Sixty per cent of people surveyed by social research firm NatCen (the National Centre for Social Research) believe the government should set a minimum level for maintenance payments and not leave such decisions to parents. Only 17 per cent disagreed.
Meanwhile, 59 per cent of the respondents disagreed with the suggestion that the government should not enforce child support payments.
There is also widespread support for larger maintenance payments, especially when the non-resident parent has a higher income.
The majority of non-resident parents also supported government involvement and enforcement – 45 per cent were in favour of setting the level and 46 per cent in favour of government enforcement, compared to 28 and 27 per cent opposed.
Researcher Caroline Bryson said the report highlighted a gap between public attitudes and the government’s current approach to child maintenance, which emphasises voluntary arrangements over compulsory schemes.: “Our study shows that the current statutory child maintenance system falls far short of public expectations, and the planned changes will move child maintenance policy still further from public opinion about what the state’s role should be.”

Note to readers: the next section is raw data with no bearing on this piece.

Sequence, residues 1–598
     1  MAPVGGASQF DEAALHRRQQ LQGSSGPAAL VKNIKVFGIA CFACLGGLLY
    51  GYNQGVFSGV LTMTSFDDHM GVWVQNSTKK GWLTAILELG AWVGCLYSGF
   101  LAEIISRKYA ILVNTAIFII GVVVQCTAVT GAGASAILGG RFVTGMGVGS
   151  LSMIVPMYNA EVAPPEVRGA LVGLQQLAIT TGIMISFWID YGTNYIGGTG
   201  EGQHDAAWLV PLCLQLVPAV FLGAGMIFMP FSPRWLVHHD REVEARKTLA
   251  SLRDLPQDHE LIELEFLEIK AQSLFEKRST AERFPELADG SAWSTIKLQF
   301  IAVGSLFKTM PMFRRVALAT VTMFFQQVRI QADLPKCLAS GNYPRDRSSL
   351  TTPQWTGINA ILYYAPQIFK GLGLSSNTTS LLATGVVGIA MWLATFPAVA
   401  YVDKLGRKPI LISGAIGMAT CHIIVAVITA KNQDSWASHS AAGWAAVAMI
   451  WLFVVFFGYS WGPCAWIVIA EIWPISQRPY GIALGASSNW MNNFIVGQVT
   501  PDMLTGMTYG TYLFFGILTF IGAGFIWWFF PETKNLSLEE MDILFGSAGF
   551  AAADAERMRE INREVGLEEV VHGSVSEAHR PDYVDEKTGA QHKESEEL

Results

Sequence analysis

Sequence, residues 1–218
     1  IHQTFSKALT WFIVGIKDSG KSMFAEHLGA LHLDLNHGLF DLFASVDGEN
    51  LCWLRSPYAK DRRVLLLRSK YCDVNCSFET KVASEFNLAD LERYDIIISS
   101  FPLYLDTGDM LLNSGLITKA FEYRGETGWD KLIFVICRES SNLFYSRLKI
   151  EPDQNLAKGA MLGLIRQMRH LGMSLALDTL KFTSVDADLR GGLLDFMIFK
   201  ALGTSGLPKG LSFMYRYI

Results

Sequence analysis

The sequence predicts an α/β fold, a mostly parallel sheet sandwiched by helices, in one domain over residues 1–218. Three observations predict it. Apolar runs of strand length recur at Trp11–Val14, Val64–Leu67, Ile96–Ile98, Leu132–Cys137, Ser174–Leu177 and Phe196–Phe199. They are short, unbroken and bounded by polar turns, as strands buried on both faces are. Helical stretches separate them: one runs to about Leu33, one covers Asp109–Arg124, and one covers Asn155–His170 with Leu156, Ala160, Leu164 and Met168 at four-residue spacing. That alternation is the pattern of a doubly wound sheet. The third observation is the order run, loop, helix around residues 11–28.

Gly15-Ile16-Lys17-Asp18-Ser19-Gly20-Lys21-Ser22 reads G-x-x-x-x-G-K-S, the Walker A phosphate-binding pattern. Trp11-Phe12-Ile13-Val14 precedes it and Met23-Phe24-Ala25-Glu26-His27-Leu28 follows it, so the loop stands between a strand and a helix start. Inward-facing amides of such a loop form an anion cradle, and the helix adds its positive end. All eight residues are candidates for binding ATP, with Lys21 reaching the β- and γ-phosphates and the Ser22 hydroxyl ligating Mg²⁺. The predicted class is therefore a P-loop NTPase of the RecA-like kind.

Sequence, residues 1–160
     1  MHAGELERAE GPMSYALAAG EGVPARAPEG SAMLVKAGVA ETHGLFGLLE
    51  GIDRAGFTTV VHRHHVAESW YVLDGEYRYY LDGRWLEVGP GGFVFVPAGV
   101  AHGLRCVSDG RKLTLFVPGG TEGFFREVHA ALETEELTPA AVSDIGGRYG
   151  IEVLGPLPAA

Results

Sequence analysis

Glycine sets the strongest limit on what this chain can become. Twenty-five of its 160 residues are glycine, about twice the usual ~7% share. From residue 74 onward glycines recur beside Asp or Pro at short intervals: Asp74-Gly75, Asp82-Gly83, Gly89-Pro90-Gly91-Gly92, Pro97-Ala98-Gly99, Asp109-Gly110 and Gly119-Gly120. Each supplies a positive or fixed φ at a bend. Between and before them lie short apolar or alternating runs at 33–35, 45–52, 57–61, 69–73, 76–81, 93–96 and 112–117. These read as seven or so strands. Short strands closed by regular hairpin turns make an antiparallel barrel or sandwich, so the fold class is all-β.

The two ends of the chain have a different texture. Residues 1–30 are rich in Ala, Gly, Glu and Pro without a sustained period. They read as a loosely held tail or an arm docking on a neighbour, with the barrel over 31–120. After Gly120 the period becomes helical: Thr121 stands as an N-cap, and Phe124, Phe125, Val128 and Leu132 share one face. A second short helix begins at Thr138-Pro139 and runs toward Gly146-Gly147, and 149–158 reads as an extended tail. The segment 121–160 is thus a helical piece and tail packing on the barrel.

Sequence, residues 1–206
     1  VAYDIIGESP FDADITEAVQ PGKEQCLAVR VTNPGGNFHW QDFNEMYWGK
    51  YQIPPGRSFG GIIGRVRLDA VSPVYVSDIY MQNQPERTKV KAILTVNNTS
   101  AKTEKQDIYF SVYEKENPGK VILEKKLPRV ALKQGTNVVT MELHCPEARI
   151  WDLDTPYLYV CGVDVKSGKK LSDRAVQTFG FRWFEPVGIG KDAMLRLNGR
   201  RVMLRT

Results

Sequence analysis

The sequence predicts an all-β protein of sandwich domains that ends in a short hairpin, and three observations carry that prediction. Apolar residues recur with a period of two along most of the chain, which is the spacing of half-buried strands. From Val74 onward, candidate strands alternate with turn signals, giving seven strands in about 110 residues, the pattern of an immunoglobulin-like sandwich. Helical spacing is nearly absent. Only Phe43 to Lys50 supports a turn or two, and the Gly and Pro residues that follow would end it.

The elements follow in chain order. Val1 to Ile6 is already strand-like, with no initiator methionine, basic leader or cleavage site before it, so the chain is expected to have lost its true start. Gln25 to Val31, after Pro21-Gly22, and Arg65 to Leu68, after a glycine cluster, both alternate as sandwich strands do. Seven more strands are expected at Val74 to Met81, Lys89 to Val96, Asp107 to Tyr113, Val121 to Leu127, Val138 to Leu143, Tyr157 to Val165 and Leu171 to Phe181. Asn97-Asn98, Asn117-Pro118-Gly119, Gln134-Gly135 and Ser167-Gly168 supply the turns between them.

The research was funded by social research charity the Nuffield Foundation. Director of Social Research and Policy Teresa Williams said: “Public opinion is particularly relevant in this instance both because such a large proportion of ‘the public’ are directly affected by child maintenance, and because the planned reforms to the child maintenance system will put more of the decision-making into their hands.”
The data was gathered for the annual British Social Attitudes Survey.
Photo by David Goehring via Flickr under a Creative Commons licence